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Once the pregnancy is confirmed, the waiting game begins. While watching your surrogate's baby bump grow is exciting, nothing compares to seeing the sonogram pictures from ultrasounds. Whether attending the appointments in person, participating via facetime, or gazing at emailed pictures later that day, ultrasounds offer the intended parents a sneak peek at their unborn baby.

What Are They?

The ultrasounds produce sonograms, or images, from the ultrasonic waves. The OB-GYN will use the information collected during each ultrasound to determine how the baby is developing and may potentially identify any health risks or concerns.

At the ultrasound, the gestational carrier will lay back on a table while a technician squirts warm gel all over her belly and runs a wand over the gel. Images will be displayed on a monitor for everyone to see and enjoy.

When Are They Scheduled?

There are generally three ultrasounds scheduled throughout the pregnancy. Once a home test or bloodwork yields positive for pregnancy, an initial ultrasound will be scheduled. This typically occurs anywhere from six to eight weeks into the pregnancy.

Interestingly, it may be important for the surrogate to arrive to this ultrasound with a full bladder. The ultrasonic waves travel better through fluids. Since the fetus is still very small, there are not yet enough amniotic fluids to help the process.

The first trimester ultrasound is generally scheduled anywhere between ten to fourteen weeks into the pregnancy. Results from this ultrasound will help your OB-GYN better determine the due date and whether your surrogate is pregnant with a single or multiples. This ultrasound also confirms that the fetus is developing inside the uterus and that it is not an ectopic pregnancy, with the fetus developing inside of the fallopian tubes.

Somewhere around twenty weeks or mid-pregnancy, the second trimester ultrasound will be scheduled. Many expecting parents are most excited about this visit. In addition to the wonderful, detailed images of baby's fingers, toes, and little face, this is when the baby's gender may be revealed. Not all intended parents want to know the gender before birth, and it is important to note that sometimes mistakes are made and the wrong gender is identified.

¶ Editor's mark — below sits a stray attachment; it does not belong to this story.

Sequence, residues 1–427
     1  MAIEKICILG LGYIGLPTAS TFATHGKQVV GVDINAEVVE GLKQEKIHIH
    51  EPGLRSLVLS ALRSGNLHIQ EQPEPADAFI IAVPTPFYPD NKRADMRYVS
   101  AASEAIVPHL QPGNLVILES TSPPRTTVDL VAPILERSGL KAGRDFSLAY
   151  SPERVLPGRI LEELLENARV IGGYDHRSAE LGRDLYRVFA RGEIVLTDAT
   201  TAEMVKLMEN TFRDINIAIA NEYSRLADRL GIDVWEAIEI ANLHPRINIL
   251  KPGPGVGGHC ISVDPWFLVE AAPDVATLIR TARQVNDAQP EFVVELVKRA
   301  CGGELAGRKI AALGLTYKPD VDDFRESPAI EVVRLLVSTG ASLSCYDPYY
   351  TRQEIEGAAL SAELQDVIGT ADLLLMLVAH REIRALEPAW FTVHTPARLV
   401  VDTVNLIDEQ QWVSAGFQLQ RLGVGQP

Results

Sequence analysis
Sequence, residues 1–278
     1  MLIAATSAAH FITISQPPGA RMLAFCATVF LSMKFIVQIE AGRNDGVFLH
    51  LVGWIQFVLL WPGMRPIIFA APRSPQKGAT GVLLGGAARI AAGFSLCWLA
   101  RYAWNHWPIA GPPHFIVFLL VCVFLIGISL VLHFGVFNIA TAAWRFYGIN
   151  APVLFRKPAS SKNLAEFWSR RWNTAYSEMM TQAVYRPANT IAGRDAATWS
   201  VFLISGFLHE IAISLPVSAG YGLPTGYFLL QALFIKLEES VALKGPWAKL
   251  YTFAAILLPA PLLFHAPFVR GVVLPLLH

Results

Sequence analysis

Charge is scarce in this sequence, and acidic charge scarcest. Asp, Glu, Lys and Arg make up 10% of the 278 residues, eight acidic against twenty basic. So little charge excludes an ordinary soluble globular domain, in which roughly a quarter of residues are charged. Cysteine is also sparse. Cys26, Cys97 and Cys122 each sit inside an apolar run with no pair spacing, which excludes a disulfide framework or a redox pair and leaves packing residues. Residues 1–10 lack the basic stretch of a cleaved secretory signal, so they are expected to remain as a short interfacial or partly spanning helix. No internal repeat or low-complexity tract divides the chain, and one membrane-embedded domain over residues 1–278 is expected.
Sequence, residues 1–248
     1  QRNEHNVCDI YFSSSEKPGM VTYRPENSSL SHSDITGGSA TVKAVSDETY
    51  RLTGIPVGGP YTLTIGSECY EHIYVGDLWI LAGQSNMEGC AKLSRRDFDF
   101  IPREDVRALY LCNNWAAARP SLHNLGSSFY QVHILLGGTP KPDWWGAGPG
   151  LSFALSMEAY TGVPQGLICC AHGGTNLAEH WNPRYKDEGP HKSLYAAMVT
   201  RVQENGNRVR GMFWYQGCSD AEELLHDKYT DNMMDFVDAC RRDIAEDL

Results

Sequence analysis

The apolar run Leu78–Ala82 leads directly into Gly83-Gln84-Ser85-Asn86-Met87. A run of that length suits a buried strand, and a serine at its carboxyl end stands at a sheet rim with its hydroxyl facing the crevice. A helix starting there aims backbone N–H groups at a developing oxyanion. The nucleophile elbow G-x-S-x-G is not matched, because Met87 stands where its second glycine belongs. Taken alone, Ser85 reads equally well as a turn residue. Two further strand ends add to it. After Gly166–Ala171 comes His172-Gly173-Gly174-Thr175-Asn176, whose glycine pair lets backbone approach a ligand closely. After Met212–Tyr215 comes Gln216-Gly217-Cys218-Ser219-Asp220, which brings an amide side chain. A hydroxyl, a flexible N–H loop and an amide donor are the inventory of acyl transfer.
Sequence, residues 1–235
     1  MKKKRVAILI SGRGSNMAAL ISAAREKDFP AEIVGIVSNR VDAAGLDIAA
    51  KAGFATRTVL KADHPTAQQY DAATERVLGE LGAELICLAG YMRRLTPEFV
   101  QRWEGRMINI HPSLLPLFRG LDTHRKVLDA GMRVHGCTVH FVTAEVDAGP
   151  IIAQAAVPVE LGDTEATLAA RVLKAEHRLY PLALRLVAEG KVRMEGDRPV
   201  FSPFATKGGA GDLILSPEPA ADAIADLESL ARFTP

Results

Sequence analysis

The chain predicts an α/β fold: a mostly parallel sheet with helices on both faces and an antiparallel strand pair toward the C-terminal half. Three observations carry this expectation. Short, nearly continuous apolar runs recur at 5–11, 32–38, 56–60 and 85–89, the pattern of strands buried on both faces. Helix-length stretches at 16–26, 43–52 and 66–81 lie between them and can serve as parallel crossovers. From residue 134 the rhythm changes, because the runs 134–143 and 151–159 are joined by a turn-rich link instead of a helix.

However, typically the gender reveal is accurate and can help the intended parents prepare for a child with gender specific input. At this ultrasound, the doctor will also check the development of baby's internal organs and examine for any birth defects.

Occasionally, an ultrasound is scheduled during the third trimester; however, this is not common for all pregnancies. Ultrasounds at this stage are usually scheduled to monitor babies who have gone past their due date, or because the doctor has a specific reason for wanting to monitor the baby's growth and development.

Just because third trimester ultrasounds are not common, does not mean you should worry if the doctor schedules your surrogate for one. Intended parents will be informed if there is truly something to worry about. Otherwise, each ultrasound produces sonograms to bring home and cherish while you eagerly await the arrival of your little love.

*Please note: This is a general synopsis. You should speak with your healthcare provider for more information and details about your individual process. 


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